|Illustrations||The resolution of pictures, maps, figures etc. should be 72dpi, should have an appropriate heading or caption and an attribution where relevant. It is the author’s responsibility to obtain any permissions necessary.|
|Italicisation||Please italicise the following: (a) words and phrases under discussion, e.g. ‘with the element hill’. (b) words and phrases not of the medium language (and which are not quotes, for which see under Quotes), e.g. (c) recte, sic, fl., floruit, vel. sim., et passim (d) early forms of place-names Do not italicise: loc. cit. ibid. c. [circa] Do not use italicisation (or bold) for emphasis; allow writing style and sentence structure to convey emphasis.|
|Justification||Use left-hand justification only, please.|
|Language||Although JSNS is an English publication, it welcomes articles written in Scottish Gaelic or in Scots, in which case articles should be accompanied by an English summary.|
|Notes||These should normally be supplied as footnotes.|
|Numerals (See also Dates)||one, two … nine first, second … ninth ten, eleven … nineteen tenth, eleventh etc. In references: 1st edn 2nd reprint Also: 5ft 6in 6km 6m 6 inch : 1 mile 1 : 10,000 2 vols Vol. 7, No. 3, Pt 2 note 9 [also n 9]|
|Quotes and translations||Use ‘…’ for primary quotation marks. Use “…” for secondary quotation marks. Use quotation marks for quotes (even in languages other the one being written in, unless otherwise marked (e.g. by indentation or italicisation). Use quotation marks for any translation given. Where both quote and its translation are given, it is preferrable to give the original first and the translation following in brackets.|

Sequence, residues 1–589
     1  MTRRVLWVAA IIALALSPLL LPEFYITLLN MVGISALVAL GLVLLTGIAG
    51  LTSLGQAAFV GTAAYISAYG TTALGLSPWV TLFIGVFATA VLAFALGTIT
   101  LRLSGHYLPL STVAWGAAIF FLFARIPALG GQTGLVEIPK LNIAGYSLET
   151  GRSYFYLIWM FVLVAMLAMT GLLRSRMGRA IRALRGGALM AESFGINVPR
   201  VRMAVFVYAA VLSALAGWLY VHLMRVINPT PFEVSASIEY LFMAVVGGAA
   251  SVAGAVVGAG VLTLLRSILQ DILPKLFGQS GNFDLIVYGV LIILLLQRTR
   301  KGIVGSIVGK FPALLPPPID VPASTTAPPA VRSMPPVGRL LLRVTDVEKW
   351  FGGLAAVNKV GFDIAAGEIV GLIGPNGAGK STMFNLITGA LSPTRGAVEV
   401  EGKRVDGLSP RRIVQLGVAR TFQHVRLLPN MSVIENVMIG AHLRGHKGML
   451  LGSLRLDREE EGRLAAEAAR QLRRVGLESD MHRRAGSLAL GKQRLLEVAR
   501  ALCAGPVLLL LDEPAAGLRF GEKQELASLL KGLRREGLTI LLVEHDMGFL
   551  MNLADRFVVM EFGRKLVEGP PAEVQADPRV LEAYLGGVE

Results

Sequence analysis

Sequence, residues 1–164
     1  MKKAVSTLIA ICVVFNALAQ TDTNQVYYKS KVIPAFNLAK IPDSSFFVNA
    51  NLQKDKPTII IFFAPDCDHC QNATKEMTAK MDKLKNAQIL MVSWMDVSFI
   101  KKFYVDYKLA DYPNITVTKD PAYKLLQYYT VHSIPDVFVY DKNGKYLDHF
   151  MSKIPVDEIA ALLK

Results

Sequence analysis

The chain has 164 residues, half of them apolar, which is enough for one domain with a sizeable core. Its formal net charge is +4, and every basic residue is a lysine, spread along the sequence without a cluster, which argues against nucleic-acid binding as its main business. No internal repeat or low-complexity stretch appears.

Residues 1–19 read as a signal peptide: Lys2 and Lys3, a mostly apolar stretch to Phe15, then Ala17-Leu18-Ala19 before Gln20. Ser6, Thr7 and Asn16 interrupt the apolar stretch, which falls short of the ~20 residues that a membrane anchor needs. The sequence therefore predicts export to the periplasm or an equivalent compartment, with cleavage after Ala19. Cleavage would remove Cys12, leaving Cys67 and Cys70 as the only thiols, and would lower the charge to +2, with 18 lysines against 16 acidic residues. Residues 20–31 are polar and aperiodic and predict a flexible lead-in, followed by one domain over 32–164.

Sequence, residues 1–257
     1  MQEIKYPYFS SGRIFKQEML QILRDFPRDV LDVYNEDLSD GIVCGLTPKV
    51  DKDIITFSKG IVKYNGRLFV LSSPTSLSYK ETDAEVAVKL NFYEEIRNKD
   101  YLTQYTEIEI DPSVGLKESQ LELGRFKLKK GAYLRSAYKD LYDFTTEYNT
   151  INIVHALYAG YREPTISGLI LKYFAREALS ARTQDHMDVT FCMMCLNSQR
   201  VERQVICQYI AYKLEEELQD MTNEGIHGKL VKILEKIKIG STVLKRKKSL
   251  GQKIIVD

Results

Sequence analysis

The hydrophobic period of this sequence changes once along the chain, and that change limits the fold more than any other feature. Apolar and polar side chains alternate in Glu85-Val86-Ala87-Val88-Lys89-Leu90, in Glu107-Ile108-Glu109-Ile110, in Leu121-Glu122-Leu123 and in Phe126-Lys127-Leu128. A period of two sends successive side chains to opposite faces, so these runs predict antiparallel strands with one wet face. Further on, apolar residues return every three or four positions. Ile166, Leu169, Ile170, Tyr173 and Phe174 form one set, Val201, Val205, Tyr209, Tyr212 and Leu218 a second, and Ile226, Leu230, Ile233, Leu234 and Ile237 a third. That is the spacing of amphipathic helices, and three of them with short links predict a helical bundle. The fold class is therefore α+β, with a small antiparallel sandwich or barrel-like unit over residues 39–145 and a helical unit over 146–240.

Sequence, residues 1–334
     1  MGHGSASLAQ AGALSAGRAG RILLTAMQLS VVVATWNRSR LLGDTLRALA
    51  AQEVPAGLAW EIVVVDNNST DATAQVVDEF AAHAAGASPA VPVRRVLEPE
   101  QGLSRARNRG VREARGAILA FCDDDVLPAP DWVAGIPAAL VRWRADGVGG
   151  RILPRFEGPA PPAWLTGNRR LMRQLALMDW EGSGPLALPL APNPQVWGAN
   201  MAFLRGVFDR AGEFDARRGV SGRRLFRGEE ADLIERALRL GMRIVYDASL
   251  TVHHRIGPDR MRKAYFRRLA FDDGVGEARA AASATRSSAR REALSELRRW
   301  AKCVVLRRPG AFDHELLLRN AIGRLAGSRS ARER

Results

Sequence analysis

|Page numbers||Insert these, please.|
|Paragraphs||Please use extra line spacing, rather than indentation, to mark new paragraphs.|
|References||Use the Harvard system, e.g. Watson 1906, 33; Joyce 1893 II, 285–96 Bibliographical references: Other, A.N. and A.N. Other, with A.N. Other (eds), 2007, ‘title of article’, Title of Publication, 2nd series, Vol. 2, No. 3, Pt 1, 2 vols, ed. A.N. Other and A.N. Other, transl. A.N. Other (Edinburgh: publisher; 2nd edn), 111–25. (Edinburgh: publisher; 2nd edn with minor changes; 1st pub. 1902), 111–25. Titles: Written according to original [see also under Upper/lower case initials] Web sites: – accessed 1/1/07 Theses etc: Other, A.N., 2007, ‘Title of thesis’, unpublished PhD thesis, University of Edinburgh. Short references: (p. 30) [otherwise page numbers are usually introduced by a comma, as follows:] Watson 1930, 178–79 Watson 1930, 178, 185; Watson 1930, 178 and 185 Watson 1930, 178 note Marwick 1929, 1, under A RMS viii no. 7 RMS viii no. 7, 78 Loc. cit./ loc. cit. Ibid../ ibid. Ibid., 35/ ibid., 35 [Do not use op. cit.] Taylor, forthcoming|
|Spaces||Please use spaces (shown by underscore ‘_’) in the following: 1_:_10,000 _…_ _ –_ loc. _cit. Vol. _3, No. _3, Pt_3, App. 1. Fig. 1 1530_×_1535 A._M._M._Duncan No space in: c.1920 500AD 1768–1769 5ft 6km 6m|
|Spelling||realise, minimise, recognise etc. index, indexes; appendix, appendixes|
|Submission||<Details to follow>|
|Upper/lower case initials||Points of the compass in names of recognised geographical areas, e.g. the North-East, North-East Scotland, the North-East of Scotland; but west Fife etc. General Scots (High) Middle Ages Q-Celtic, P-Celtic Verbs derived from the names of languages and their derivations do not have initial capitals: gaelicisation, latinisation etc. Titles of book and journals: Titles should be cited as per original; if the original title is shown entirely in upper case, then use lower case except for initial capitals for nouns, pronouns, adjectives, verbs and adverbs only. After colons in titles: in titles, use a capital letter after a colon only if one is used in the original. Vol. 3, No. 3, Pt 3 note 7|